Art and Labor / Art as Labor
This seminar, taught by Julia Bryan-Wilson, Art History, UC Berkeley, and which included an interdisciplinary group of students from Anthropology, Art Practice, History of Art, Performances Studies, and Rhetoric, considered how artists and theorists alike have understood art—making as a form of labor—as purposeful effort structured by class relations and economic imperatives. Within art history, art making is viewed as a mode of production much like any other, and as such is open for categories of analysis such as valuation, distribution, and consumption. How does this assertion stake a claim for the political relevance of art? How do theorists conceive of how art itself works—how it acts, functions, and performs? Art has been explicitly contrasted to work—the “free,” “unproductive” counterpoint to the grind of alienated wage labor. This seminar examined a range of writings that variously assert that art is labor and that it is leisure. What theoretical work does art do? And how do we make sense of starkly opposing opinions about the relationships between art, autonomy, the culture industry, and elitism? Case studies focused on art since 1960, including dematerialized conceptualism, task-based dance, feminist craft, and artistic organizing within the Occupy movement. In addition to these activities, seminar participants presented their work from the course in a culminating event.
ART AND LABOR
UC Berkeley • Spring 2013 • Wed. 9-12
Prof. Julia Bryan-Wilson • email@example.com • office hours Tues. 2:30-4:00
Designated Emphasis in Critical Theory
UC Humanities Network/Mellon Sponsored Seminar
Since the nineteenth century, artists have sought to affiliate themselves with the working class: think of the artists of the 1848 Revolution, the Russian Productivists, the Mexican muralists, and the WPA-era Artists Union. Artists claiming to be workers: this is arguably one of the hallmarks of the avant-garde. However, the folding of art into the category work is by no means seamless, as these activities are differently valued, classed, and compensated. More recently, artistic production has been theorized as a paradigm for what is called “postwork,” given its emphasis on flexible labor and creative knowledge production. In this seminar, we look at recent practices that have redefined artistic labor to explore questions of taste, the service economy, precarity, deskilling, the production of affect, outsourcing, and immaterial labor as they ramify within both art and contemporary forms of work.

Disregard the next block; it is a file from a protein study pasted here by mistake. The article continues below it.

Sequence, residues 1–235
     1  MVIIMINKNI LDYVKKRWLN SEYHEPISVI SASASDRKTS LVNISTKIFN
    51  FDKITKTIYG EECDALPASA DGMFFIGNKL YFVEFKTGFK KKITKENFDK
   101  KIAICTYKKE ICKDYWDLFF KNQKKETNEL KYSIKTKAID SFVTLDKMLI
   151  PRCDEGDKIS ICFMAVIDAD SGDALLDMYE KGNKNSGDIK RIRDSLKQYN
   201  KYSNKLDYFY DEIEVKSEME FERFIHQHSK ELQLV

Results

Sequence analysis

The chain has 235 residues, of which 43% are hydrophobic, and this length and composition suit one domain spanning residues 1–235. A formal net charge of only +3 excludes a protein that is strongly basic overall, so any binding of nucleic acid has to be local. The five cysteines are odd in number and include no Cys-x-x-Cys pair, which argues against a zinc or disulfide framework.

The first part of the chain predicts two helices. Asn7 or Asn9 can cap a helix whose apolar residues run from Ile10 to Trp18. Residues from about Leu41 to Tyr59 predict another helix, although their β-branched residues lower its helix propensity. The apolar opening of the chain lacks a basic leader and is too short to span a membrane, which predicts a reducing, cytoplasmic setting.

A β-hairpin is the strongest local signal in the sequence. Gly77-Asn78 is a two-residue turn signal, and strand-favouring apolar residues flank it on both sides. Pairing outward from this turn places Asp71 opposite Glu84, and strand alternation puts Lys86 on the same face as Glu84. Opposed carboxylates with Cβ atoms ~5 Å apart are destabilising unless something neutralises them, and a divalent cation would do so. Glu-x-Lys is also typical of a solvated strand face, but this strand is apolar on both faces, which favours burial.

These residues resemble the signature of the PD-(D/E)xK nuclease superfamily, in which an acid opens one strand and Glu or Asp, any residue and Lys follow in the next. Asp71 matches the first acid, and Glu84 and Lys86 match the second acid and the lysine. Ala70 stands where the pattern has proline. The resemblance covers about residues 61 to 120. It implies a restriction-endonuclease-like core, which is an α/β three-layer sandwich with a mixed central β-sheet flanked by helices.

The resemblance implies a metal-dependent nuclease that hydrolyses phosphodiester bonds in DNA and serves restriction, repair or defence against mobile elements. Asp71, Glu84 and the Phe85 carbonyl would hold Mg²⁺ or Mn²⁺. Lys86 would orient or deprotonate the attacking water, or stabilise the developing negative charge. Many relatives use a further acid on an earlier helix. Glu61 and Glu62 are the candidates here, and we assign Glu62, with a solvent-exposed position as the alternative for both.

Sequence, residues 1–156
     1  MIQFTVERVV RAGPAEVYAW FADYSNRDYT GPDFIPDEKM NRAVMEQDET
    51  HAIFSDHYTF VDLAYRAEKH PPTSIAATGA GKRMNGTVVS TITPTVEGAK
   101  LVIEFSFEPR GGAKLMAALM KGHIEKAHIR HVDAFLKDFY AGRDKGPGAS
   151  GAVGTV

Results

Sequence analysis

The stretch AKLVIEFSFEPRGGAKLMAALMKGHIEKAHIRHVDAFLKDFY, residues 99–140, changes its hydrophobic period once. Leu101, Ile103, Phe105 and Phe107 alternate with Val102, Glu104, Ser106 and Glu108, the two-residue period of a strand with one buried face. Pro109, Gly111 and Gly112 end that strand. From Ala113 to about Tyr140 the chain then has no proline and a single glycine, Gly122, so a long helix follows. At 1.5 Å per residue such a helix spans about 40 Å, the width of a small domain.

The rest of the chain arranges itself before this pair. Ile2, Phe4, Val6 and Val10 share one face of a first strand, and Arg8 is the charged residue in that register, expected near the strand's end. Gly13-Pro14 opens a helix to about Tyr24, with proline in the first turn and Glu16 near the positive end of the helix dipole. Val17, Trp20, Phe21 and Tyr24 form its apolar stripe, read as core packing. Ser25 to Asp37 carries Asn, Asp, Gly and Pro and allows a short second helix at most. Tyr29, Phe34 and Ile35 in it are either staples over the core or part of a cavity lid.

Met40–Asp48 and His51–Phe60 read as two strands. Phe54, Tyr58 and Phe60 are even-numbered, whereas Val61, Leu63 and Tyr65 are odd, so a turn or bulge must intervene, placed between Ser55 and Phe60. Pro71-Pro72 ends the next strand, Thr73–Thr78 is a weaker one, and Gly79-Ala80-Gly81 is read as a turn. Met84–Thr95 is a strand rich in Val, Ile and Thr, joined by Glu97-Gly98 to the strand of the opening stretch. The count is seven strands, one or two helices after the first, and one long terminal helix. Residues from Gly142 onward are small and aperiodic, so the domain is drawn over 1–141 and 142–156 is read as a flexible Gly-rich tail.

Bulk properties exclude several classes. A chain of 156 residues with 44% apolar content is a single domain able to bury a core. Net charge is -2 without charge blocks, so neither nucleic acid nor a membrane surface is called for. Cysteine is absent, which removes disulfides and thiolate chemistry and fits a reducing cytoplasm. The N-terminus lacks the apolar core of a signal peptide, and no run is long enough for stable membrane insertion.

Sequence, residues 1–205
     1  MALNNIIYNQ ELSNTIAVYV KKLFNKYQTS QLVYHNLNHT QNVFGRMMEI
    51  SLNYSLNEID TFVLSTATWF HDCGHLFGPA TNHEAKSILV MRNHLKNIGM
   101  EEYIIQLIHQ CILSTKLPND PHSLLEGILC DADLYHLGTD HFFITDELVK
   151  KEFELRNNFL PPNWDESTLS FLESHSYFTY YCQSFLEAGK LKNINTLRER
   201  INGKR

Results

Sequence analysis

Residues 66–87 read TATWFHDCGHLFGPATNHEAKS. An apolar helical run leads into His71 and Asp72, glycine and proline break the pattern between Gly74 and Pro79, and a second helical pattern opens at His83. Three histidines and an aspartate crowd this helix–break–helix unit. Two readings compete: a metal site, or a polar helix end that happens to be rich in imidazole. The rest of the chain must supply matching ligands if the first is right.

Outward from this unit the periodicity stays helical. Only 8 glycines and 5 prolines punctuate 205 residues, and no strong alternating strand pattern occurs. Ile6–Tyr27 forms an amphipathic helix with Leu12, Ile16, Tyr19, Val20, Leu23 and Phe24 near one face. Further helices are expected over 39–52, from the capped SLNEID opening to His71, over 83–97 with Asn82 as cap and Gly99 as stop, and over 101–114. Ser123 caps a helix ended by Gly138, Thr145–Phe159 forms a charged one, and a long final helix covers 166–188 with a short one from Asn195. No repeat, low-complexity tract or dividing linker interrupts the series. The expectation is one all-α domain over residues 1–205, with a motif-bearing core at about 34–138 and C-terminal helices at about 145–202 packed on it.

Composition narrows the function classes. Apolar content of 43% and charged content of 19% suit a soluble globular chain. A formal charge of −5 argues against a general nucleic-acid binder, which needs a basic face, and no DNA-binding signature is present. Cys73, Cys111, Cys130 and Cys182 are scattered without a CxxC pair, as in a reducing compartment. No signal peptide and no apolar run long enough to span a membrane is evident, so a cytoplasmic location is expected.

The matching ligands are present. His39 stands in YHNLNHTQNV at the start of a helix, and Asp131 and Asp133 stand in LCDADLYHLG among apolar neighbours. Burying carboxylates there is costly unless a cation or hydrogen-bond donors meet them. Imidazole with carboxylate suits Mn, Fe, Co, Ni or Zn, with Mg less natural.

This seminar considers how artists and theorists alike have understood art making as a form of labor—that is, as purposeful effort structured by specific class relations and economic imperatives. At the same time, however, art is often explicitly contrasted to work—the “free” and “unproductive” counterpoint to the grind of alienated wage labor under capitalism. We will examine a range of writings that variously assert that art is labor and that it is leisure. What work do these theorists ask art to do? And how do their conceptions of labor lead to starkly opposing opinions about the relationship between art, autonomy, the culture industry, and elitism? How have both art and work mutated given the rise of reproductive technologies and the spread of globalized labor? How does art position itself both as work as well as the “outside” or “other” to exploitative labor? In an era marked by changing conceptions of work, looking to artistic formulations of labor gives us a new lens with which to consider the ramifications of making, effort, collective organizing, and surplus value in the 21st century. Our case studies focus on art since 1960 and will include dematerialized conceptualism, task-based dance, the feminist embrace of craft procedures, “outsourced” performance, and artistic organizing within the Occupy movement.
During our trip to Robert Smithson’s massive earthwork “Spiral Jetty,” we will investigate the physical construction of this piece, as well as seek to understand the work in relationship to its landscape, the economy and production of place in Utah, and artistic pilgrimage. We will further consider how the piece circulates as a photographic document, as a film, and as a tourist destination.
This seminar, while organized around and through recent art history, is interdisciplinary in scope and theoretically diverse, intersecting with wider humanities inquiries, and is open to all graduate students who are interested in broader questions of cultural production and the politics of making.